Coaches who must recruit better

With the recruiting process sped up more than ever before, college coaches say it's imperative to actively target not just one but two recruiting classes simultaneously. And with more than 165 prospects in the 2015 ESPN 300 already committed to schools, some coaches are already on the hot seat with the 2016 class. Here's a look at five coaches who need to do well with prospects in the ESPN Junior 300, which was released Tuesday.

Kyle Flood, Rutgers: After a dismal effort in 2014, Rutgers has rebounded with 16 commits already in the 2015 class. The only problem with those commitments is that 15 of them are three-star prospects. Recruiting in New Jersey has been flat-out dominated by Penn State and new coach James Franklin. History tells us the Nittany Lions have always recruited well in New Jersey, but four of the top six players in the 2015 class have picked Happy Valley, and top-ranked in-state prospect  Minkah Fitzpatrick is headed to Alabama. If Rutgers is going to win in the Big Ten, the Scarlet Knights have to keep the top players in state. They simply can't supplement that local talent that's lost to rival programs with players from other states. That's why the 2016 class is going to be absolutely critical for Flood. The ESPN Junior 300 has nine prospects from New Jersey in it, including running back Kareem Walker, the No. 5 player overall. Walker has visited Rutgers several times, and he's a must-get for the Scarlet Knights.

Al Golden, Miami: Things are never easy in the Sunshine State. Not only is Florida State coming off a national championship and recruiting like Bobby Bowden's glory days, but SEC schools such as Alabama, LSU, Georgia and South Carolina also have made a living out of poaching Florida prospects. Golden and the Canes have made some positive steps forward, both on the field and on the recruiting trail, but the 2016 class will be a critical point for his tenure. With 40 prospects from Florida in the ESPN Junior 300, Golden has to continue to recruit at a high level to compete with FSU and turn Miami into the championship program that's expected in Coral Gables. The good news is that early returns are very positive. The Canes already have three commitments from top 300 players, including quarterback Jack Allison, the No. 27 player in the country.

Chris Petersen, Washington: At Boise State, Petersen's "OKG" (Our Kinda Guy) formula helped the Broncos win a lot of games with players who were under-recruited but developed into gems. Petersen has kept that as the foundation of what he does at Washington, but there is a different level of talent in the Pac-12. Petersen and his staff are going to have to their fair share of recruiting battles to compete with Oregon, Stanford, UCLA, USC and fast-rising Arizona and Arizona State. Some of the most important battles he must win are right in his backyard, with five prospects from Washington in the ESPN Junior 300. The biggest prize is quarterback Jacob Eason, the No. 4 player overall, but the competition from Alabama, Georgia, Notre Dame and countless others is going to be stiff. Washington is right in the thick of things for other top in-state targets, such as running back Isaiah Gilchrist, defensive end Isaac Garcia and safety Taylor Rapp.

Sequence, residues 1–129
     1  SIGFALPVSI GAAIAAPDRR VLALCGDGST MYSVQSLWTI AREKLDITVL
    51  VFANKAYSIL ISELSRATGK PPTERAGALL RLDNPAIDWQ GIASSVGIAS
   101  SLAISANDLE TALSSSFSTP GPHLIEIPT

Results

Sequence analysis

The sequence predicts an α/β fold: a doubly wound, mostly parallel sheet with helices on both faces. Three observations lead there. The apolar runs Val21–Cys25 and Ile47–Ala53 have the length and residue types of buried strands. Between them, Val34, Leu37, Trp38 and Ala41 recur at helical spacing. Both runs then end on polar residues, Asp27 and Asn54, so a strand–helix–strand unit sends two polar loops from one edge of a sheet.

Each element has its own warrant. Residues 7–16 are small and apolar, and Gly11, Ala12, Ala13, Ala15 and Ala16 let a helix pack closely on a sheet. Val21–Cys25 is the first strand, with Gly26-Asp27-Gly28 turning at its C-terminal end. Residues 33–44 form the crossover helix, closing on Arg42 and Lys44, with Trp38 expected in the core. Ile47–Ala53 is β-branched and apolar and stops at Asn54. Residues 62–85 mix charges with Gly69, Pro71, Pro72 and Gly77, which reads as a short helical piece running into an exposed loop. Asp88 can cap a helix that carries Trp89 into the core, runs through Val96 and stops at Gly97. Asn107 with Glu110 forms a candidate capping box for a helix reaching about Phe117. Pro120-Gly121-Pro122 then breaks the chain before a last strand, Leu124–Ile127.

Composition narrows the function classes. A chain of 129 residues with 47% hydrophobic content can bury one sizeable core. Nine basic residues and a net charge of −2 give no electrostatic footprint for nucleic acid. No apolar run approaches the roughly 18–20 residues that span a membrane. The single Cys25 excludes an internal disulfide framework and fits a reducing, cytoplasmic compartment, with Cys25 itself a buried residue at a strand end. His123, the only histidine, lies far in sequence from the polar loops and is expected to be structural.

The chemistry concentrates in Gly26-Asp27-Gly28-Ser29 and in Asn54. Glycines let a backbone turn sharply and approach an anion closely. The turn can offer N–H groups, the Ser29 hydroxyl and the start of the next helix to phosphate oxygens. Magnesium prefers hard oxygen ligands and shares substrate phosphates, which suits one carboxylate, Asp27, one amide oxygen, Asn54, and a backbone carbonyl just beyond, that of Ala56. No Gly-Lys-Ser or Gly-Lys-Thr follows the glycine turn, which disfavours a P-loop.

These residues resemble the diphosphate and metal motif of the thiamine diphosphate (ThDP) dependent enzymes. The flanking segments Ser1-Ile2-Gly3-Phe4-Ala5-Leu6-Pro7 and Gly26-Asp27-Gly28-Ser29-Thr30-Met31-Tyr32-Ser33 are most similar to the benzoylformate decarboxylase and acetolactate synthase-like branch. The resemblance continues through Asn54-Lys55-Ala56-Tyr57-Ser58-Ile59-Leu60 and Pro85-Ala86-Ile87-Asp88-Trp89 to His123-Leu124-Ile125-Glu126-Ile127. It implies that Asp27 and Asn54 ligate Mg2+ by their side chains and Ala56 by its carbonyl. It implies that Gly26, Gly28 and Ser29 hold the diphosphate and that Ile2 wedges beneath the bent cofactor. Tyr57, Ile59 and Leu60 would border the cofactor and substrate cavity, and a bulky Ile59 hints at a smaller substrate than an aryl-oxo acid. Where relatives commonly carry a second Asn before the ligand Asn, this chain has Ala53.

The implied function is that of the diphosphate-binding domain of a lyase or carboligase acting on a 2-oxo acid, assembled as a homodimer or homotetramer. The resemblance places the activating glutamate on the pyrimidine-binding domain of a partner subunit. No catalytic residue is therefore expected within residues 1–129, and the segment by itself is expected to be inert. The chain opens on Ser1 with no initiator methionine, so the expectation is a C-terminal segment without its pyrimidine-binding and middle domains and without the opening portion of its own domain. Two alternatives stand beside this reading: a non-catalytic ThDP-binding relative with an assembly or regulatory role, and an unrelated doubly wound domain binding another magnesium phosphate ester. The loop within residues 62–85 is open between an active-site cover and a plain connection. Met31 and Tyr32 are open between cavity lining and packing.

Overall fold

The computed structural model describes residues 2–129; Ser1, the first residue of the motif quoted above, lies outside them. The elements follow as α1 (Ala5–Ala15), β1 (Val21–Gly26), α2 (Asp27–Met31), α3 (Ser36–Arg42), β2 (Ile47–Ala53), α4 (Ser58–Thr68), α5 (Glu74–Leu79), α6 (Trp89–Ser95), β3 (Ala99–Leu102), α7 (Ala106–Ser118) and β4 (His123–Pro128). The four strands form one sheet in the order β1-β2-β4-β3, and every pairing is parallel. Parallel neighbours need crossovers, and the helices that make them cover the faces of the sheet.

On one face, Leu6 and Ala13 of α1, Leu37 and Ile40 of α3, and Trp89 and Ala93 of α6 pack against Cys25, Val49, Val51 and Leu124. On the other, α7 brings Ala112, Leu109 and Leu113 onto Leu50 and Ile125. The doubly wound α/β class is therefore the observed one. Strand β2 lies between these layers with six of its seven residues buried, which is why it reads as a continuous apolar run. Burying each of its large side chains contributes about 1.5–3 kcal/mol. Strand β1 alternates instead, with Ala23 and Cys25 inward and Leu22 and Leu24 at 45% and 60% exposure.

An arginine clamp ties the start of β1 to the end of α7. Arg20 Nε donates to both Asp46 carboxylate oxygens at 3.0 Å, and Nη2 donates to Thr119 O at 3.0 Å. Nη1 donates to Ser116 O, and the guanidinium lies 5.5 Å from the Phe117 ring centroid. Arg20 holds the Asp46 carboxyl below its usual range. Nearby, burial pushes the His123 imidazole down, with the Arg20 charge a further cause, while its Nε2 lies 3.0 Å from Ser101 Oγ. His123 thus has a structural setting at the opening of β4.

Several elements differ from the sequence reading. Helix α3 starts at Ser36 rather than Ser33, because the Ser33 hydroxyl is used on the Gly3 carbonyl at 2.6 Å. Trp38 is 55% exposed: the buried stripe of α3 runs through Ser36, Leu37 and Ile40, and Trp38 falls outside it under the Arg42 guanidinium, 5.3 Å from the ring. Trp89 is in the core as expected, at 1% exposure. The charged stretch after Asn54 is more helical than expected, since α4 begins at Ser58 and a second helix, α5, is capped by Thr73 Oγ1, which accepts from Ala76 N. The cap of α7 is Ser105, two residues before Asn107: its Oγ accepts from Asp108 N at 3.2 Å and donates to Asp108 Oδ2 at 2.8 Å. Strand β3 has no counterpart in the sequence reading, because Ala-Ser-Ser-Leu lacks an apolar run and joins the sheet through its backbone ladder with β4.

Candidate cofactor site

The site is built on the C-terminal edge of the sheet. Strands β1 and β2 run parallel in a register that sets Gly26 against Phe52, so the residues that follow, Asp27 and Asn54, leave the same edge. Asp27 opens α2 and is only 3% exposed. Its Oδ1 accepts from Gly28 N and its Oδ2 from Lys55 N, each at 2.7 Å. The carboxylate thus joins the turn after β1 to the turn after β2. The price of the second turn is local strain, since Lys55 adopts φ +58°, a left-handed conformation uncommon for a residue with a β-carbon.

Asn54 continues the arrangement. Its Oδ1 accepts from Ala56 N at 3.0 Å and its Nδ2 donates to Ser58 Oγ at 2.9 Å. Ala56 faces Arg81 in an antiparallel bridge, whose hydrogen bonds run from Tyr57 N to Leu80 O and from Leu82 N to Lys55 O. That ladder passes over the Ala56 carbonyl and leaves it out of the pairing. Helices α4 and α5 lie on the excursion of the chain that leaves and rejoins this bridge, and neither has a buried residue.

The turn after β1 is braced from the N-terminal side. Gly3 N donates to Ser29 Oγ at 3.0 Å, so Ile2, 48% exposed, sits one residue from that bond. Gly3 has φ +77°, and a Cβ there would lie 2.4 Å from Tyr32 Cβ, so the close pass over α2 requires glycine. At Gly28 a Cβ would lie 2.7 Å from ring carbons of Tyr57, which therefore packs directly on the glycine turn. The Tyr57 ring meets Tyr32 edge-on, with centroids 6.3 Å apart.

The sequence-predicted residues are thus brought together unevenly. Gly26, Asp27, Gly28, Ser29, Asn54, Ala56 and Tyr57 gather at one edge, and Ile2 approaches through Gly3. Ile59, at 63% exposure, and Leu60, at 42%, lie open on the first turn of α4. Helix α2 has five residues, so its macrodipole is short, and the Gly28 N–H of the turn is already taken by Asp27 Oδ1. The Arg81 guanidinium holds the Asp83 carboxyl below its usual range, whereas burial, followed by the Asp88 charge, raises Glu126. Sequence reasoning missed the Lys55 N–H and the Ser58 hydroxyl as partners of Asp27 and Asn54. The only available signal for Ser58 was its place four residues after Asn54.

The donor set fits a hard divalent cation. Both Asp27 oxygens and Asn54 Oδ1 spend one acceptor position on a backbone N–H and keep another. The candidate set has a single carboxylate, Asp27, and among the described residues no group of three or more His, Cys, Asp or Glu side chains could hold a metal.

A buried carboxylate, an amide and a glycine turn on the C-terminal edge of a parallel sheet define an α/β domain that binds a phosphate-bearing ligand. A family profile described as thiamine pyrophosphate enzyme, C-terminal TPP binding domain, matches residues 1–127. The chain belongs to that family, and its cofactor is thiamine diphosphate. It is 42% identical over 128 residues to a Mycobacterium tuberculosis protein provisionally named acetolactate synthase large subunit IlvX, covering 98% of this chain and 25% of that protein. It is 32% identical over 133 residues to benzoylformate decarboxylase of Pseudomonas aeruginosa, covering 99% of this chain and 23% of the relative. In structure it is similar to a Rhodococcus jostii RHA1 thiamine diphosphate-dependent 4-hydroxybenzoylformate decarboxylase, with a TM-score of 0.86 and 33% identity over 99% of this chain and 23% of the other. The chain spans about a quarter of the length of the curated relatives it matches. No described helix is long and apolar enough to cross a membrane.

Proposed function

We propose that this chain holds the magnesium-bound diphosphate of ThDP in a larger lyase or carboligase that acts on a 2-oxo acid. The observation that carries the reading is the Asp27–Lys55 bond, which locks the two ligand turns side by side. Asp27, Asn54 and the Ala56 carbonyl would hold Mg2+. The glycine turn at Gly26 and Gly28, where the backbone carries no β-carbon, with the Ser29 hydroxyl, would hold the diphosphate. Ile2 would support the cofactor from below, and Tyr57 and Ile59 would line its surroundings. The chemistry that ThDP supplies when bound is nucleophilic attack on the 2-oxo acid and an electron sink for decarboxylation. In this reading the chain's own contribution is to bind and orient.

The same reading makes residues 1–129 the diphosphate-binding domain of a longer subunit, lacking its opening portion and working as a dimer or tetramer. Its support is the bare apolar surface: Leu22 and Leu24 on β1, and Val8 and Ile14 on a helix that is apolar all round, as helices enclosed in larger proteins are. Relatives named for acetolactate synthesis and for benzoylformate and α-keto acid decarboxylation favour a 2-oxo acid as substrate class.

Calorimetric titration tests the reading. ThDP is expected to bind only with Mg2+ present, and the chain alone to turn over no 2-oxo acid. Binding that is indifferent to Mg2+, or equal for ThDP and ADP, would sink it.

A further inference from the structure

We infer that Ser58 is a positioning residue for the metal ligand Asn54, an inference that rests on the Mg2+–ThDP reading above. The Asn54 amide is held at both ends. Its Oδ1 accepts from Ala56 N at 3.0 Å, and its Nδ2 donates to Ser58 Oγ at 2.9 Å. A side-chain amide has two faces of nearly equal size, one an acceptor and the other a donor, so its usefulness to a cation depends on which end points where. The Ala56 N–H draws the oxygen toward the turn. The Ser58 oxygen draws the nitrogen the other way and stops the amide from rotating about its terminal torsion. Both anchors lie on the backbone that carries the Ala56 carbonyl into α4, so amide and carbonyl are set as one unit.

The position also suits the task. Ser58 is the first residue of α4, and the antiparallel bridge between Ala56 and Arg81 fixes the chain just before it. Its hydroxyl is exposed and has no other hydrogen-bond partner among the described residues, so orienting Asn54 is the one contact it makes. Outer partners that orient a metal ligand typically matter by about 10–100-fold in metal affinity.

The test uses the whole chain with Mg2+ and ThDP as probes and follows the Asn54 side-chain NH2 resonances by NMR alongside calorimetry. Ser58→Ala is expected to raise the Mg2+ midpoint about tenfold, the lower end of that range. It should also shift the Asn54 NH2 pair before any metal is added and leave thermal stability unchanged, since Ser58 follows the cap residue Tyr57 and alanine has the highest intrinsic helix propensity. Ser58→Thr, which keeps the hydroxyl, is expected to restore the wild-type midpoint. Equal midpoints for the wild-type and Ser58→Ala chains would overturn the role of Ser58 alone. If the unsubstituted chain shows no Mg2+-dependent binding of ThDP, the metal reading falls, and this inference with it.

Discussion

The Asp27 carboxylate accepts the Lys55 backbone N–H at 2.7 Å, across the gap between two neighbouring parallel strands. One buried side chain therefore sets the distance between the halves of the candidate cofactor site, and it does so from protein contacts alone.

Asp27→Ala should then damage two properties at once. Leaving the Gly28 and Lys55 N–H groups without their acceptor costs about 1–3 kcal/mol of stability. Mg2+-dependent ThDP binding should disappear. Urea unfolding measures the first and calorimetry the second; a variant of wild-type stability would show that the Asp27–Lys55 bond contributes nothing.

Mark Richt, Georgia: For all that Richt has done right at Georgia, there's always enormous pressure to win big with in-state prospects. The difficult task for Richt and his staff at Georgia is to keep elite players away from all the surrounding SEC and ACC programs that are just a stone's throw away from the Bulldogs' recruiting base. In some years Richt has done better than others, but many recruiting observers have noticed the Dawgs' grip on the best players from the Peach State has slipped away over the past few classes, including 2015, as five of the top eight prospects have picked out-of-state programs. That makes 2016 a big year for Richt. The good news is the talent is there for the taking. There are 35 Georgia prospects in the ESPN Junior 300, with the biggest prizes being No. 16 prospect  Mecole Hardman, an athlete, and wide receiver  Demetris Robertson, who is ranked No. 28.

Charlie Strong, Texas: Strong has been dogged by negativity on the recruiting trail since he arrived in Austin. The biggest reasons: His recruiting style just isn't the same as former coach Mack Brown's, and Texas A&M continues to haul in the top prospects in the Lone Star State. Strong looks like he's going to continue to stick to his guns and find players who fit his style and scheme, but he must do a better job of luring top Texans to the Forty Acres in the 2016 class. There's a good chance five of the top 10 2015 players in Texas will end up in College Station, and offensive tackle  Greg Little, the No. 1 overall prospect in the 2016 class, has already committed to the Aggies. But there still is enough talent in the 2016 class for Strong to reverse A&M's stranglehold on the recruiting trail. There are seven Texans in the top 40, including No. 7 Deontay Anderson and No. 8 Brandon Jones, who are both safeties, and 40 total prospects in the ESPN Junior 300. Strong and his assistants have spent a lot of effort recruiting 2016 prospects, and with the amount of talent in the Longhorns' backyard, there's tremendous pressure to turn things around.